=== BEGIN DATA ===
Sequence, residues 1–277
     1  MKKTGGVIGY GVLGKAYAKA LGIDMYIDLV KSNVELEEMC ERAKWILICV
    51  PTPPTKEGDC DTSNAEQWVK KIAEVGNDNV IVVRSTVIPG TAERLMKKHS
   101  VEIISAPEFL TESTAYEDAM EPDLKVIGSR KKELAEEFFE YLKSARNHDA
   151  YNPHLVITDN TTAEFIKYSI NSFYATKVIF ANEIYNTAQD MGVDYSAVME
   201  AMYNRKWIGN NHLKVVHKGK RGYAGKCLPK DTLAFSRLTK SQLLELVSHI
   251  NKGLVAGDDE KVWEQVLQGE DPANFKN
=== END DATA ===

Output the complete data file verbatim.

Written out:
Sequence, residues 1–277
     1  MKKTGGVIGY GVLGKAYAKA LGIDMYIDLV KSNVELEEMC ERAKWILICV
    51  PTPPTKEGDC DTSNAEQWVK KIAEVGNDNV IVVRSTVIPG TAERLMKKHS
   101  VEIISAPEFL TESTAYEDAM EPDLKVIGSR KKELAEEFFE YLKSARNHDA
   151  YNPHLVITDN TTAEFIKYSI NSFYATKVIF ANEIYNTAQD MGVDYSAVME
   201  AMYNRKWIGN NHLKVVHKGK RGYAGKCLPK DTLAFSRLTK SQLLELVSHI
   251  NKGLVAGDDE KVWEQVLQGE DPANFKN